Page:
The passionate vision of Joella Jean Mahoney: 5 decades on the Colorado Plateau

Photo courtesy of Museum of Northern Arizona

"Canyon Sanctuary," from artist Joella Jean MahoneyÕs Inner Canyon Series (60Ó x 48Ó oil on canvas, 1983) is one of the pieces featured in her one-woman show that opens Sept. 17 at the Museum of Northern Arizona in Flagstaff.

Photo courtesy of Museum of Northern Arizona "Canyon Sanctuary," from artist Joella Jean MahoneyÕs Inner Canyon Series (60Ó x 48Ó oil on canvas, 1983) is one of the pieces featured in her one-woman show that opens Sept. 17 at the Museum of Northern Arizona in Flagstaff.

FLAGSTAFF -- American artist Joella Jean Mahoney's large scale paintings will be featured in a one-woman show, "Passionate Vision," at the Museum of Northern Arizona in Flagstaff from Sept. 17 through Dec. 31. The exhibit is curated by Guest Curator Alan Petersen, Chair of Fine Arts, Coconino Community College. Her work captures the essence of the Colorado Plateau landscapes and fuses the geological, the emotional and the spiritual soul of the region.

In this statement, Petersen shares his enthusiasm for Mahoney's paintings. "Joella Jean Mahoney's work continues a great tradition of romantic landscape painting in the Southwest," he said. "Her passionate vision is one of expansive topographic views of the land, as well as quiet interior spaces. Her style and commitment to her subject display a veracity and spiritual aspect equaled by few artists. Passionate Vision is a rare opportunity to experience the Colorado Plateau through the compelling artwork of a contemporary master."

Museum Director Robert Breunig described the exhibit as an in incredible body of work.

"Although these works are about this region, the effect of this art is not parochial--Joella Jean Mahoney touches universal themes and provokes deep emotions," Breunig said. "It is about the inner, visceral experience we all have when we come upon an electrifying landscape. It's about the way we respond when we see an incredible vista, or when an unusual cloud formation floats above the land."

Mahoney described how the people have reacted to her work.

"I often hear from people that my paintings give them the experience of being on this special landscape and through the paintings they become more aware of its beauty," she said. "MNA taught me about this region. That's why it's so meaningful to me-this exhibit-because it completes the cycle that began in 1951 when I came to Flagstaff. It was then, that MNA revealed the power, the mystery, and the beauty of this place to me, a place that is unique throughout the world."

Each of Mahoney's 33 paintings will be accompanied by a personal story by the artist, revealing the artist's inner thoughts.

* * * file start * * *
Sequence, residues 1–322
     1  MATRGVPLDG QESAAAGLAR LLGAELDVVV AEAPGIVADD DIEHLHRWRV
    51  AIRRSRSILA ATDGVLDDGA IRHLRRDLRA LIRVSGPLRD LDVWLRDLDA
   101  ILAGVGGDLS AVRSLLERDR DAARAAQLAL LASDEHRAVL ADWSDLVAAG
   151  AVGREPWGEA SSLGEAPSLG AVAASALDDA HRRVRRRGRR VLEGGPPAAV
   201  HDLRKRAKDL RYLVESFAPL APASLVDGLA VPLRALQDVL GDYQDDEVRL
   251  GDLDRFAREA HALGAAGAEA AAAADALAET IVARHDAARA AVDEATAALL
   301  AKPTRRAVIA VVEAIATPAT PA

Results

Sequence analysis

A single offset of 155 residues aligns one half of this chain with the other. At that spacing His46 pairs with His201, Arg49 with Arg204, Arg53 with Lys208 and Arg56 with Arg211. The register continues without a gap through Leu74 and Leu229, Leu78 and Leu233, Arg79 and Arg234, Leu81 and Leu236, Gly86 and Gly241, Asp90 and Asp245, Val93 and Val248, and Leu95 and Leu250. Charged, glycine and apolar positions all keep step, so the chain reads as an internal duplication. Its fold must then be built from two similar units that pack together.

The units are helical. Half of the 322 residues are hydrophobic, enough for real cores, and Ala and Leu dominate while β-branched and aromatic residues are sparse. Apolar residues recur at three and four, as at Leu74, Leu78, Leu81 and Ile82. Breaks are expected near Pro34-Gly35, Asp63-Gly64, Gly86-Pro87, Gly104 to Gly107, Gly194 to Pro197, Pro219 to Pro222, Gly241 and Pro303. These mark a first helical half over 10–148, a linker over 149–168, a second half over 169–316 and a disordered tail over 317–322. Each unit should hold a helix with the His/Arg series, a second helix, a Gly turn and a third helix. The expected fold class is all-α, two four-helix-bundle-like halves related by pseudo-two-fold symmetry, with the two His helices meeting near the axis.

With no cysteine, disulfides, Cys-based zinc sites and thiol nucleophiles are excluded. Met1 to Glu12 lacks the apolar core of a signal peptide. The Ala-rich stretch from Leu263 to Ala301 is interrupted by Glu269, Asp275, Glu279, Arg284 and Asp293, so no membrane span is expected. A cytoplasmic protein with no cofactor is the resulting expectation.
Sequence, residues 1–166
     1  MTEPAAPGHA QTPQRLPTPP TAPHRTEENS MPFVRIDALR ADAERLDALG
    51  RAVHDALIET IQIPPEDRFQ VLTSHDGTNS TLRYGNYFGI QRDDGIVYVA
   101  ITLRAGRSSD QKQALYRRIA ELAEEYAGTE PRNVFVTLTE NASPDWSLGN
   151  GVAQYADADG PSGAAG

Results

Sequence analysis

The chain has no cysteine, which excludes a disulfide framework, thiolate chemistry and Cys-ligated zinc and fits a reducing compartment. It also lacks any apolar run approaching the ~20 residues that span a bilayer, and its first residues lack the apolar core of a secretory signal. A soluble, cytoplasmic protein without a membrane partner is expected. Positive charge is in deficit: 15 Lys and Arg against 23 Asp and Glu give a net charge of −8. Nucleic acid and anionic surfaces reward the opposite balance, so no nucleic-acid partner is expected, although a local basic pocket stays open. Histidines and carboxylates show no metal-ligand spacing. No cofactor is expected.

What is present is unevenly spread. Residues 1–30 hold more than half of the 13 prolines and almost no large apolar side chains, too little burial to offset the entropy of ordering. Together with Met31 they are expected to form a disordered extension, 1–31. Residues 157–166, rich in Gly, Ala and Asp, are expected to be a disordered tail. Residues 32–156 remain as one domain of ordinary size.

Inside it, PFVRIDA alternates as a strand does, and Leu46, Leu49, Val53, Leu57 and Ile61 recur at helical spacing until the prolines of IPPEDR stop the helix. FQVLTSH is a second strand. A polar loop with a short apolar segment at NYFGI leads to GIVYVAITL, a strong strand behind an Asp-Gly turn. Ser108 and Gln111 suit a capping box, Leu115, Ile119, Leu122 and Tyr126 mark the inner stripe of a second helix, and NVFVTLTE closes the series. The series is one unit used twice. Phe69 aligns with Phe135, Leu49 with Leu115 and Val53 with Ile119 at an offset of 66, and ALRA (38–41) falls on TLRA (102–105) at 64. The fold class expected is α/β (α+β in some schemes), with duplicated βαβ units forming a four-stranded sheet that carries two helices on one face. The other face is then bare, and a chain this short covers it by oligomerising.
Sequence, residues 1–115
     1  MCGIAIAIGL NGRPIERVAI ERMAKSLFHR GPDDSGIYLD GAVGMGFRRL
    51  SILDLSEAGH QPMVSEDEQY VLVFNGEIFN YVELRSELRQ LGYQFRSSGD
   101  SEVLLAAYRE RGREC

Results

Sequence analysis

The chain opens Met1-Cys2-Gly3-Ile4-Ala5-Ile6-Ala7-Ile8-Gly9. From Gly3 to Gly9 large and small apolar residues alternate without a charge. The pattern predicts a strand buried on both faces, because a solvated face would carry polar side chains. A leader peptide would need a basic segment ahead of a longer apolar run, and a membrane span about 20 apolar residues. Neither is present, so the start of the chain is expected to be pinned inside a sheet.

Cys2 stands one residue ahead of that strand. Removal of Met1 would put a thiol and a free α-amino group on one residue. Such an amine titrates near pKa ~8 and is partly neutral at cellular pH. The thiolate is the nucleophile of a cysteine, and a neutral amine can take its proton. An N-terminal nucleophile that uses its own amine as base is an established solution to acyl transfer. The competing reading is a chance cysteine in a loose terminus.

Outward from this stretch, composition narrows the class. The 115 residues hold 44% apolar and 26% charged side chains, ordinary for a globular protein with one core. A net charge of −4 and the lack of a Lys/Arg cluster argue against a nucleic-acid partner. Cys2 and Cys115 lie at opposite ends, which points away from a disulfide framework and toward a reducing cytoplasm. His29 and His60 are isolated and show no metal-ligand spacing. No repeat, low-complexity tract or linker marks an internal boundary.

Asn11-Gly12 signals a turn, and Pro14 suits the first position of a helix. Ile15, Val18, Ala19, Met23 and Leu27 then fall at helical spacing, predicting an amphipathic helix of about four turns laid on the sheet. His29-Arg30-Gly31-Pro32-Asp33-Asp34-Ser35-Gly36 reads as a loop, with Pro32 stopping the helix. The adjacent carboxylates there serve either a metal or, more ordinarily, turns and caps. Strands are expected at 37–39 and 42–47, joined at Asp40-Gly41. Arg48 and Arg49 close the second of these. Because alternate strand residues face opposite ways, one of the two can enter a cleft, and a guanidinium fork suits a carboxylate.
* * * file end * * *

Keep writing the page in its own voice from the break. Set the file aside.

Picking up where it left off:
"The color in my paintings is not an exaggeration," Mahoney said. "The Southwest is truly a land of color and color holds an emotional charge. It can be healing because it may bring up to the conscious level an awareness of feelings. The experience of beauty can also be healing, because it stimulates the feeling of wholeness."

Looking back

"I was from Chicago, by way of California," Mahoney said. "I saw Arizona for the first time when I stepped off the train in Flagstaff to attend college. It was dawn. The stars overhead were like lanterns, the sky was crystalline and in the distance the mountains were like cardboard cutouts. The sun came up and turned the scene into Technicolor. I saw a landscape that matched how I felt inside and I stepped into my future."

Mahoney graduated from Arizona State College, now Northern Arizona University, in 1955 and has an master's in fine arts in painting and drawing from Claremont Graduate University in Claremont, Calif. She is Professor of Art Emerita at the University of La Verne in California.

Her work has become internationally known through the Art in the Embassies Program, sponsored by the U.S. State Department and through numerous exhibits, including an annual New York show and 30- and 40-year retrospectives at the Northern Arizona University Fine Art Museum, the West Valley Art Museum in Phoenix, the University of La Verne Art Museum, and The Kolb Studio at the Grand Canyon. Mahoney is represented by Arte-Misia Gallery in Sedona, Arizona and the Red Stone Gallery on the web.

Mahoney will be an active part of this exhibit. She will offer a series of presentations throughout the fall and will also personally lead some of the gallery tours. She said she is eager to interact with visitors of all ages and she will be doing some of her painting in the gallery during the time of the exhibit. Look for a schedule of these events on the Museum's website, once the exhibit opens on Sept. 17.

Art auction

Mahoney is also offering to create a commissioned painting (up to 20 square feet on a landscape subject of the winning bidder's choice) for a limited-time auction with a $20,000 minimum bid. The entire auction proceeds are for the benefit of the Museum of Northern Arizona.

Bidding begins at the special Member's Exhibit Preview and continues through Dec.16 at 5 p.m. Bids may be made at MNA's website (www.musnaz.org) or by using a bid sheet available at the museum's front desk.

The Museum of Northern Arizona sits at the base of the San Francisco Peaks, just three miles north of historic downtown Flagstaff on Highway 180. Additional information about "Passionate Vision" or the Museum is available at www.musnaz.org.

The Member's Exhibit Preview is on Sept. 17 from 5-7 p.m. To attend, contact the Museum's Membership Department at 928-774-5213, ext. 219.

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